Sant tendered his resignation as party leader. He did, however, stand for election for Party leader again which was contested by two other candidates for the post, John Attard Montalto and Angelo Farrugia. Sant was re-elected party leader with 66% of votes cast by Labour Party delegates and returned to lead the Party.

2008 general election[edit]

The Labour Party, spearheaded by Sant, presented a new programme Pjan għal bidu ġdid (Plan for a new beginning) and called for Bżonn ta' Bidla (The need for a Change) after the 20 years (save for his brief stint from 1996 to 1998) of Nationalist government. The electoral-programme contained references to overhauls in the educational system (which proved to be extremely controversial), reduction of an electricity surcharge by half and tax holidays on overtime work.[citation needed]

Sant was defeated for the third consecutive time, this time by Lawrence Gonzi (Partit Nazzjonalista) in the 2008 general election. This election was lost by the PL on a slim margin of 1580 votes. Following the loss of the election, Sant resigned as leader of the Labour Party on 10 March 2008, and as Leader of the Opposition on 5 June 2008; he was succeeded as PL leader by Joseph Muscat and as Leader of the Opposition by Charles Mangion. Sant retained his Parliamentary seat.

2014 European Parliament election[edit]

Sant has announced that he will be standing as a Labour Party candidate in the 2014 European Parliament election, even though some years back he tried to convince the nation that it was not in the country's interest to join the European Union.[12] Other announced candidates for the same election are current MEPs Marlene Mizzi and Joseph Cuschieri. Current MEPs no longer contesting are John Attard Montalto and Claudette Abela Baldacchino.

Sant was the candidate who got the most votes with 48,739 votes of the electorate.[13]

Literary works and journalism[edit]

Sant is an established novelist, short story writer and playwright. His published works include the collected plays:

  • Min Hu Evelyn Costa? (1979)[14]
  • Fid-Dell tal-Katidral (1994)[15]
  • Qabel Tiftaħ l-Inkjesta (1999)[16]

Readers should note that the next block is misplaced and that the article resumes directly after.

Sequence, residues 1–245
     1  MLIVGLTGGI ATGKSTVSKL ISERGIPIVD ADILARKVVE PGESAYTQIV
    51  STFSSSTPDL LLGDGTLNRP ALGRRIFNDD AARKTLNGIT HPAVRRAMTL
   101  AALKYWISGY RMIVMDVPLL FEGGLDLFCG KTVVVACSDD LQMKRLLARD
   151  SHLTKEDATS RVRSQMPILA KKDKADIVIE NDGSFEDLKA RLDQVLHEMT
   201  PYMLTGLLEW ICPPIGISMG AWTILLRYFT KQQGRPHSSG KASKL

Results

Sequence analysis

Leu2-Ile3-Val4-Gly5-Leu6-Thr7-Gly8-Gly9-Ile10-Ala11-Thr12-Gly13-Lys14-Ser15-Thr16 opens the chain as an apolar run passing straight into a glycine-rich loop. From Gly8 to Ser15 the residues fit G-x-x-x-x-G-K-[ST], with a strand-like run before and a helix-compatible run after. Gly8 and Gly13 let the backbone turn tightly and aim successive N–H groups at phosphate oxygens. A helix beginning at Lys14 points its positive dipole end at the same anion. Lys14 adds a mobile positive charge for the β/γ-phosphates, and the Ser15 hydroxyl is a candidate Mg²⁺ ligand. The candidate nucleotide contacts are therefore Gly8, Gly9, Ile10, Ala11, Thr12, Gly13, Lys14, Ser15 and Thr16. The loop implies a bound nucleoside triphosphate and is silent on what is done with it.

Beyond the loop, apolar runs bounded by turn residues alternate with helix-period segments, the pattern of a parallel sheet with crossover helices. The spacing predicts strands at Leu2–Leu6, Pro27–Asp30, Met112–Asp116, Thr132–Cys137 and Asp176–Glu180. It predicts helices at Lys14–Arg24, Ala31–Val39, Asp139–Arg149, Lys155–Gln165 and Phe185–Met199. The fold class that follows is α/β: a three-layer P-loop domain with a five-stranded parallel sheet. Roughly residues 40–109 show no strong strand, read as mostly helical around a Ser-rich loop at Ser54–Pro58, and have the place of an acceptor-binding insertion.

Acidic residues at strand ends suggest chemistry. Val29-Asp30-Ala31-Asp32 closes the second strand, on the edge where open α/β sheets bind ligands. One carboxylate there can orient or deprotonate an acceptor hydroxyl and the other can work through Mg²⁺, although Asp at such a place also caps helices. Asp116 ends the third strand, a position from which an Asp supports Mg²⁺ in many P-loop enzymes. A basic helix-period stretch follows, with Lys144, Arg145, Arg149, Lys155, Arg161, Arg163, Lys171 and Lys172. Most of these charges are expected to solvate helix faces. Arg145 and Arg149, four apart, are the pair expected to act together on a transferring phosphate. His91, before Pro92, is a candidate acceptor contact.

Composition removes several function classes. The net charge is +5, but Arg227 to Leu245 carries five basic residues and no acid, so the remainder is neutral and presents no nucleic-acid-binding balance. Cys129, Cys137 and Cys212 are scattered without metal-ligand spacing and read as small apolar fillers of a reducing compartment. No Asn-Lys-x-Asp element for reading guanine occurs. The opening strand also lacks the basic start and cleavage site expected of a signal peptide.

short story collections:
  • Kwart ta' Mija (1995)[17]
  • Pupu fil-Baħar (2009)[18]
  • L-Ewwel Weraq tal-Bajtar (1968)[19]
  • Bejgħ u Xiri (1981)[20]
  • Silġ fuq Kemmuna (1982)[21]
  • La Bidu, La Tmiem (2001)[22]
  • L-Għalqa tal-Iskarjota (2009)[23]
  • George Bush f'Malta (2013)[24]
non-fiction works:
  • Collection of political essays, L-Impenn għall-Bidla (1986)[25]
  • Chronicle (political), It-28 ta' April 1958 (1988)[26]
  • Malta's European Challenge (1995)[27]
  • Confessions of a European Maltese (2003 autobiography)[28]
  • Is-Soċjaliżmu fi Żminijietna (2004)[29]

Sant edited Tomorrow, a monthly English-language magazine (1982–1985), and of Society, a quarterly opinion magazine, apart from authoring numerous articles. Sant also contributed regularly to the General Workers' Union's Sunday Maltese-language newspaper It-Torċa until March 2008.[30][31][32][33][34]


National Honours[edit]

See also[edit]



  1. ^
  2. ^
  3. ^
  4. ^
  5. ^
  6. ^
  7. ^
  8. ^
  9. ^
  10. ^
  11. ^
  12. ^
  13. ^
  14. ^
  15. ^
  16. ^
  17. ^
  18. ^
  19. ^
  20. ^
  21. ^
  22. ^
  23. ^
  24. ^
  25. ^
  26. ^
  27. ^'s+european+challenge+sant&hl=en&sa=X&ved=0CBoQ6AEwAGoVChMInJTZisyQxwIVi6HbCh295w-y
  28. ^,+l-impenn+ghal+bidla+sant&hl=en&sa=X&ved=0CB4Q6AEwAWoVChMI5qyKvMyQxwIVQwbbCh3LlQmY
  29. ^
  30. ^
  31. ^
  32. ^
  33. ^
  34. ^
  35. ^
Political offices
Preceded by
Eddie Fenech Adami
Prime Minister of Malta
Succeeded by
Eddie Fenech Adami
Party political offices
Preceded by
Carmelo Bonnici
Leader of the Labour Party
Succeeded by
Joseph Muscat


Further reading[edit]

External links[edit]